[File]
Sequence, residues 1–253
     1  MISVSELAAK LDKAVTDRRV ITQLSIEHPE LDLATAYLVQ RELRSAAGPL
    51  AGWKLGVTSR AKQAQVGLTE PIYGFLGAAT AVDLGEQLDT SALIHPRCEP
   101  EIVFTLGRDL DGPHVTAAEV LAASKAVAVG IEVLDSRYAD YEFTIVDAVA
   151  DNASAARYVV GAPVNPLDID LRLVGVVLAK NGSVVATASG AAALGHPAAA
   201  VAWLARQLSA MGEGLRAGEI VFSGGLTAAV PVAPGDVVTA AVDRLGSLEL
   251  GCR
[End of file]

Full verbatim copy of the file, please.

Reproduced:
Sequence, residues 1–253
     1  MISVSELAAK LDKAVTDRRV ITQLSIEHPE LDLATAYLVQ RELRSAAGPL
    51  AGWKLGVTSR AKQAQVGLTE PIYGFLGAAT AVDLGEQLDT SALIHPRCEP
   101  EIVFTLGRDL DGPHVTAAEV LAASKAVAVG IEVLDSRYAD YEFTIVDAVA
   151  DNASAARYVV GAPVNPLDID LRLVGVVLAK NGSVVATASG AAALGHPAAA
   201  VAWLARQLSA MGEGLRAGEI VFSGGLTAAV PVAPGDVVTA AVDRLGSLEL
   251  GCR